Hitachi 42HDT51 42-inch Plasma HDTV Page 2
Hitachi has updated its TV remote controls, and the changes are all welcome. The wand that comes with the 42HDT51 doesn't have a backlit keypad, but its button layout is clean and well organized, making operation easy in a dark room. There are two nice ergonomic touches: a notch on the bottom that lets you hold it firmly, and a couple of scroll wheels for channel surfing and adjusting volume with your thumb. Hitting the Input button calls up an onscreen list of sources for you to select from (you can customize names like DVD, Cable, and VCR in the setup menu). And pressing Aspect gives you a choice of six display modes, including one stretch and three picture-zoom options. Unlike those on many HDTVs, three of the modes also work with high-def 1080i and 720p signals.
SETUP Hitachi provides a wealth of setup options that might leave some casual users scratching their heads when they browse the TV's dense menu selections (an Easy Setup brochure is also supplied). But videophiles will be smiling when they find out what's there. To get going, you either plug in a UHF antenna or connect your digital cable line and plug in a CableCARD provided by your local cable company. (Unfortunately, cable providers won't just send you one - you need to make an appointment for an installer to perform this simple task.)
I went the indoor-antenna route - 20 bucks at Radio Shack, Model 15-1868 - and the Hitachi immediately pulled in all my local stations. After using the set's onscreen signal meter to tweak the antenna position for best reception, I hit the Guide button on the remote and was able to scan through the channels. Some of the digital ones even included proper station IDs and program descriptions! Six years into the digital-TV transition, and we're finally getting somewhere.
Other setup features include Day and Night custom picture presets for each input, an option to display gray or black sidebars when you're watching standard 4:3 programs, and various screensaver functions to prevent burn-in. There are also three black-level and four color-temperature settings. But if you have a DVD test disc and are willing to take the time, the Hitachi 's most useful setup options are its Color Management and Color Decoding menus. Using these, I was able to dive in and do an unusually precise fine-tuning of the TV's color balance (see "in the lab").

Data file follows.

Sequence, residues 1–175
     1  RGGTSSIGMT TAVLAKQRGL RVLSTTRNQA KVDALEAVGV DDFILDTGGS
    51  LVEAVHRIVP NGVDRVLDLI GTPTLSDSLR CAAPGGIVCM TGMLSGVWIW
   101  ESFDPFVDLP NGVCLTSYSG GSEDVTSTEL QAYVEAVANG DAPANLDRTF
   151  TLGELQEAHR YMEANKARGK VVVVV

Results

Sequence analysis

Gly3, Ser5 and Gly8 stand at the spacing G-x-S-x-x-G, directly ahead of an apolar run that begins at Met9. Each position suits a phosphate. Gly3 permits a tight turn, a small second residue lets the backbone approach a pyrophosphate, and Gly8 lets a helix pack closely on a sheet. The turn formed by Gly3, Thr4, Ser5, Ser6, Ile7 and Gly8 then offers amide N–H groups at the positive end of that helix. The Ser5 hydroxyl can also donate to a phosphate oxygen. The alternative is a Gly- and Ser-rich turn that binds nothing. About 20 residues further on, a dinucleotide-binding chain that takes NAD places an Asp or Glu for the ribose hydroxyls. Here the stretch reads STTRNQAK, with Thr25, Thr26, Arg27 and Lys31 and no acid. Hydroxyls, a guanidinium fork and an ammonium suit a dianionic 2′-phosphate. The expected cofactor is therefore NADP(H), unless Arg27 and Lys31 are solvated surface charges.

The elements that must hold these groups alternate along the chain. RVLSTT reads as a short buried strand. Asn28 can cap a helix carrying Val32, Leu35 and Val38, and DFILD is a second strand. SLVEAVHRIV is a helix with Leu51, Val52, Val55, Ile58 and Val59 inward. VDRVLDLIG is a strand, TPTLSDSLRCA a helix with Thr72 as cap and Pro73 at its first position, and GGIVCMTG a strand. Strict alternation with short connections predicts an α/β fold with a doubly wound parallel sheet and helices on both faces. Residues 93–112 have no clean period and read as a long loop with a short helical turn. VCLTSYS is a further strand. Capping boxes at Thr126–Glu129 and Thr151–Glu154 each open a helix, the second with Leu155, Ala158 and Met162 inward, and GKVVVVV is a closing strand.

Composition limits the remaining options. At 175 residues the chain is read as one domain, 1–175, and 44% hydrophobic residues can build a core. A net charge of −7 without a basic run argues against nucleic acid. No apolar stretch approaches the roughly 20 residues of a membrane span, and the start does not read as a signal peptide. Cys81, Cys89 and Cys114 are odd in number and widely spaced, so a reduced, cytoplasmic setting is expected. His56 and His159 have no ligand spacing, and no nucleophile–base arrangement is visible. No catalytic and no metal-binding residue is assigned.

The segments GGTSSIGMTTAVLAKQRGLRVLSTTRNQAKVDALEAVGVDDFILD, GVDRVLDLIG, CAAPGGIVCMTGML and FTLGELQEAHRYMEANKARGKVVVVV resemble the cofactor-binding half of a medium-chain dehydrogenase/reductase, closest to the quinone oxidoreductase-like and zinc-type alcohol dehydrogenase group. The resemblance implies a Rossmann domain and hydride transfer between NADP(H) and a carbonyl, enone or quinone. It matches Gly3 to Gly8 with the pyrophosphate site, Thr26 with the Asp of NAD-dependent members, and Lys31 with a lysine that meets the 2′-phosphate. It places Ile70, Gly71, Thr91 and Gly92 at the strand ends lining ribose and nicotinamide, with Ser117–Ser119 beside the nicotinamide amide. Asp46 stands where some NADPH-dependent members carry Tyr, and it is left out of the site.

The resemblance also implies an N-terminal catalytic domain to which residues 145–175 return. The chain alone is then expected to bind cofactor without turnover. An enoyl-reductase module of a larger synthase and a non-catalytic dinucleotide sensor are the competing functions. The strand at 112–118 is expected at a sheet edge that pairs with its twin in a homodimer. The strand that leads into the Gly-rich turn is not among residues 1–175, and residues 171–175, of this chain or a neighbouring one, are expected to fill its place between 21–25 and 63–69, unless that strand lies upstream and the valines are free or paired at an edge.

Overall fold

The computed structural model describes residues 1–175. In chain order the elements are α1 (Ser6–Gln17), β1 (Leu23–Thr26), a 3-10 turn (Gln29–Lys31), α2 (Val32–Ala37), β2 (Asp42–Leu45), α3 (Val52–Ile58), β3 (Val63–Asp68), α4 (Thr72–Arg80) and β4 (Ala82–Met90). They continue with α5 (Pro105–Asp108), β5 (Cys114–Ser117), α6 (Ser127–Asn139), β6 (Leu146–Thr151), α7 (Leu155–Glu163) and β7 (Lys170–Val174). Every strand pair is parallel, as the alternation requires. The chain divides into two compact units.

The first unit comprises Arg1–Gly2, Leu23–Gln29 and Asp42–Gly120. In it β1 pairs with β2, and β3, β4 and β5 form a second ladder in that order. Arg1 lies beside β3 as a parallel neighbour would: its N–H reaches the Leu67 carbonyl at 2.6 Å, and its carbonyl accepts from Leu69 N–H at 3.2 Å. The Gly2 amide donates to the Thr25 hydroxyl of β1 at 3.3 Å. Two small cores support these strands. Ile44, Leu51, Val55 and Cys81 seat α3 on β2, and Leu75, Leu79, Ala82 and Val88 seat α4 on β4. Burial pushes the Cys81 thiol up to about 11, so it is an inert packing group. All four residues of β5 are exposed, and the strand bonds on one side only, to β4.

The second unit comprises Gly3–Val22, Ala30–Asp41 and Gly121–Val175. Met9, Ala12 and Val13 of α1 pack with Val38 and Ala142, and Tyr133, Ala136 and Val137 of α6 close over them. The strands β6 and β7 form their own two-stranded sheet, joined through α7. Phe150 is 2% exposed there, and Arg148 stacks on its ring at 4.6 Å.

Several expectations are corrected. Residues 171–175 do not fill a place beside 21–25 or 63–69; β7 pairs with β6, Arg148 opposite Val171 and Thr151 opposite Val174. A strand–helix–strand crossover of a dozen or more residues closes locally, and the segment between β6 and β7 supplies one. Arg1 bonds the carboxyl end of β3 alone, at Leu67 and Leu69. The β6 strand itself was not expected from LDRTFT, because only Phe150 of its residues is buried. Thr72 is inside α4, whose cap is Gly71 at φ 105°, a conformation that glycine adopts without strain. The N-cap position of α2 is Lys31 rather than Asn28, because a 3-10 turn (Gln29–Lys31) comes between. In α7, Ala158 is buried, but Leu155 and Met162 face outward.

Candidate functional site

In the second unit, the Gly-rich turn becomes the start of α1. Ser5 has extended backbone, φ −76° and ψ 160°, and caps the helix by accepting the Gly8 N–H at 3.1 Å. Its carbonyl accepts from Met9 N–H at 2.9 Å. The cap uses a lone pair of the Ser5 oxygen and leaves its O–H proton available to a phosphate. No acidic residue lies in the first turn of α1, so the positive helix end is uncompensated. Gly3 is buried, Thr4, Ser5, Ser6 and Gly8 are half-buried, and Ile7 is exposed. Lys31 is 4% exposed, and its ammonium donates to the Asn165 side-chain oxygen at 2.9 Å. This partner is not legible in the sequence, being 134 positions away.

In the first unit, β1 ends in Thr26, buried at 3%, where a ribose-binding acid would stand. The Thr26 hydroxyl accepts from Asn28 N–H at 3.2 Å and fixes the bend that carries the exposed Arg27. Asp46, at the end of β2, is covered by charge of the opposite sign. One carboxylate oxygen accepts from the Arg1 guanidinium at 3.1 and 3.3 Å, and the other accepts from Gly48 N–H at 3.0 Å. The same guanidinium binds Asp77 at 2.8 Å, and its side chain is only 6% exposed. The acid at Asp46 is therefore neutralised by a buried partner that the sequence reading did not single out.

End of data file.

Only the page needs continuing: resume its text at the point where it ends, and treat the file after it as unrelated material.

PICTURE QUALITY To check out how the Hitachi handled DVDs, I connected a Bravo D2 player to its HDMI input and watched the movie Elf. During a snowball-fight scene in New York City 's Central Park , the snowdrifts displayed a realistic range of white highlights. Will Ferrell's green-and-yellow costume as the elf, Buddy, looked bright and vivid, but I could also see subtle greenish hues like the moss clinging to the sides of boulders peeking out from under the snow.
In a scene inside a department store's gaudy North Pole display, the skin tones of Buddy, his brother, Michael, and his object of affection, Jovie, all looked natural despite their very surreal surroundings. Watching the same scenes using the TV's component-video connection, I was impressed at how close they came to the HDMI image - a good indicator of the TV's video-processing abilities.